This book has the potential to be a game changer for me and, hopefully, for you, if you find the topic interesting. Part of it focuses on social media (and this is obviously an issue close to readers and staff at Pajiba http://www.pajiba.com/think_pieces/facebook-is-a-filthy-cesspit-of-fake-news-and-narcissistic-validation-im-so-glad-i-deleted-my-account.php), but in general it focuses on why we use our phones and what our use may be doing to us.

That first quote up there really gets to the heart of why this book is so effective: while at some point during the break-up you do go 24 hours without your phone (I did it Saturday morning – Sunday morning, and I’m still here), it isn’t REALLY about giving up your phone forever. It’s about being more intentional with your time; specifically how you can get your phone working for you.

Price spends the first half of the book convincing the reader of all the ways our phones fuck with our heads. From interrupting relationships (how many of us whip out our phones when meeting up with friends), to abbreviating our attention spans, to just generally wasting our time, phones aren’t doing us a whole lot of favors. But this book isn’t pushing the reader to throw our our phones; it’s about, again, paying attention to when we use our phones and way.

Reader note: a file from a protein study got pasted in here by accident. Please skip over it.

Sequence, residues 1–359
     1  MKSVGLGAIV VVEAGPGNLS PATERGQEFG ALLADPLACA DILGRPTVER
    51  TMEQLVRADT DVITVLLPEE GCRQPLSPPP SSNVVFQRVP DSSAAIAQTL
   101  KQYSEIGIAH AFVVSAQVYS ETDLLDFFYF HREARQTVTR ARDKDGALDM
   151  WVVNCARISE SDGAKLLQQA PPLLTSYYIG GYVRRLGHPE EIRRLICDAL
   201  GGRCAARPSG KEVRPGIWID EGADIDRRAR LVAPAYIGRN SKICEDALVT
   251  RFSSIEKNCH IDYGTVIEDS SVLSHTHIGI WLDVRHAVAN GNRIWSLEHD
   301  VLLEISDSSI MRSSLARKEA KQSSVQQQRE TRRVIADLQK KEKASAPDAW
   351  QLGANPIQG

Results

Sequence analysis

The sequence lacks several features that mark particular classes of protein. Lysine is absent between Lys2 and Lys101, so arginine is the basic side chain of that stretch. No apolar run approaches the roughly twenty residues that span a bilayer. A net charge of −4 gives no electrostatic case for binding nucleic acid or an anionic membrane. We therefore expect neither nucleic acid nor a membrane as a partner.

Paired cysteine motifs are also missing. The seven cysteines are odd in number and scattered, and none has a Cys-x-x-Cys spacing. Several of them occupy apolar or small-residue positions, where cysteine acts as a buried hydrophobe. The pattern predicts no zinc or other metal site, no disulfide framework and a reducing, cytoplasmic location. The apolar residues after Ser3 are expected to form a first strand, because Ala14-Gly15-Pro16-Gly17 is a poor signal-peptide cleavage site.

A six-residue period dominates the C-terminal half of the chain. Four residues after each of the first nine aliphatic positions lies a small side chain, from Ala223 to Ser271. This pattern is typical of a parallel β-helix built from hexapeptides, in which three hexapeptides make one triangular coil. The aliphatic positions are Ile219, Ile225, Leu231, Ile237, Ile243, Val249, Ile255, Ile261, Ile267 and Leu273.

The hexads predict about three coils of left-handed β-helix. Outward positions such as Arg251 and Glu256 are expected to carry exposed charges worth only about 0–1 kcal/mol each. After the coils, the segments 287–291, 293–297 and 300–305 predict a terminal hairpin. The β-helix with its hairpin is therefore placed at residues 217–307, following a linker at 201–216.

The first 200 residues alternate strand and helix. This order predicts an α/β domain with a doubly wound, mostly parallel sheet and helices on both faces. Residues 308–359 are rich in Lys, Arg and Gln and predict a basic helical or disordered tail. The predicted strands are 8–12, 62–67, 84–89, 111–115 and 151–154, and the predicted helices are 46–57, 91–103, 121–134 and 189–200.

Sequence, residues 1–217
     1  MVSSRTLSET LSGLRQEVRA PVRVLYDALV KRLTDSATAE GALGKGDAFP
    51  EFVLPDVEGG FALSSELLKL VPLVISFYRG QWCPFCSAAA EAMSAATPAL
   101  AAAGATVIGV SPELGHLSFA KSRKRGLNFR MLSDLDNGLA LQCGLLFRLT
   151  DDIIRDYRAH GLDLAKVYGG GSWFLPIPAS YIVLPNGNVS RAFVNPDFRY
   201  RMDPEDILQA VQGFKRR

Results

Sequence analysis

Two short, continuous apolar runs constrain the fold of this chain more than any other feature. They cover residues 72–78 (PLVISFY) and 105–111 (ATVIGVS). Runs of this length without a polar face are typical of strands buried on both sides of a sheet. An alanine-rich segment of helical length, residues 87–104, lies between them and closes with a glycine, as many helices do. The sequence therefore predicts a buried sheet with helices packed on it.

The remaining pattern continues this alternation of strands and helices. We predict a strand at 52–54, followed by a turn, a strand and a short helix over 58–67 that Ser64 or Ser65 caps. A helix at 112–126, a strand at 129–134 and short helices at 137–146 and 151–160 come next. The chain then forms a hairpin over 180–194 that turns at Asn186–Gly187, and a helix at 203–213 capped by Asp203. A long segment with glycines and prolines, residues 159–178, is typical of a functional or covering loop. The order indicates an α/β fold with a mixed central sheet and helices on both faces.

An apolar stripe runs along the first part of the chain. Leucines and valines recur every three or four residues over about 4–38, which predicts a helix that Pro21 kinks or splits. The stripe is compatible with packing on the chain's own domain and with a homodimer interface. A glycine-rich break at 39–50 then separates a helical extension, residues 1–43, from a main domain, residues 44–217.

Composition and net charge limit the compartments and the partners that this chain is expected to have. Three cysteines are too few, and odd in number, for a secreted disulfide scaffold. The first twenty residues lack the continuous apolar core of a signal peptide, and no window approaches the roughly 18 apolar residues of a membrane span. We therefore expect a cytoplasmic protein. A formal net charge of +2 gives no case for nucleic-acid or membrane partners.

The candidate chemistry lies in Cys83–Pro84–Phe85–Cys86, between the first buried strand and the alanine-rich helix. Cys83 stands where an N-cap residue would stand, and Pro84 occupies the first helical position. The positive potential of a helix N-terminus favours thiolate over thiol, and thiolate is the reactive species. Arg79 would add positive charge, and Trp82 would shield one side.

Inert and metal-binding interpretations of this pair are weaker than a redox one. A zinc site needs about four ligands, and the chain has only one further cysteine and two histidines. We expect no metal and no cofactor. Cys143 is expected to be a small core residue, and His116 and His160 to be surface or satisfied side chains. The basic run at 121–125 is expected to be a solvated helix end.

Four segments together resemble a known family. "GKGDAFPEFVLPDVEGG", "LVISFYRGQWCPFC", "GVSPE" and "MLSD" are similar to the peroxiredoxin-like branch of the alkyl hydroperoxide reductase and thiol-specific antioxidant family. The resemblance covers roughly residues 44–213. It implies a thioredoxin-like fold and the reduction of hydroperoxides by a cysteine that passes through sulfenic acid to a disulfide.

For me, my phone is part tool: it helps me get around my new city, it helps me figure out what the fuck it means when the weather tells me it’s going to 9 today (oh how I miss Farenheit); it lets me keep track of our budget. It’s also a way to stay in touch: Whatsapp has become a great way to stay connected to family back in the US; Slack keeps one group of friends sharing photos and links; texts let me know when the furniture is being delivered.

It’s also been (until now), a way to play around with social media. I have three Twitter accounts: a professional one with my legal name, a personal one with a user name, and one for my website. I follow a lot of news organizations on the professional one; my personal one is where I follow more opinion writers. It’s how I’ve felt connected to the world. I also had Facebook on there, and Instagram. And email.

Now? I still have Instagram and some news apps, but all the twitter apps I had are gone, as is Facebook. I still log in from my phone, but I have to actually LOG IN. I can’t just flip in open. As part of the 30-day process, Price suggests downloading a time usage tracker; I used OFFTIME, and it’s been shocking and illuminating. It has all sorts of tricks, like setting up a schedule for when your phone is in lock down and when it isn’t, and it also tracks the amount of time you’re spending on your phone.

Part of the process also involves turning off all (or nearly all) notifications. So I still have news apps, but none of the notifications are turned on. I have email, but I have to actually open the app to see if I have new messages. I still get notifications for texts / Whatsapp / slack, but I don’t feel as beholden to it.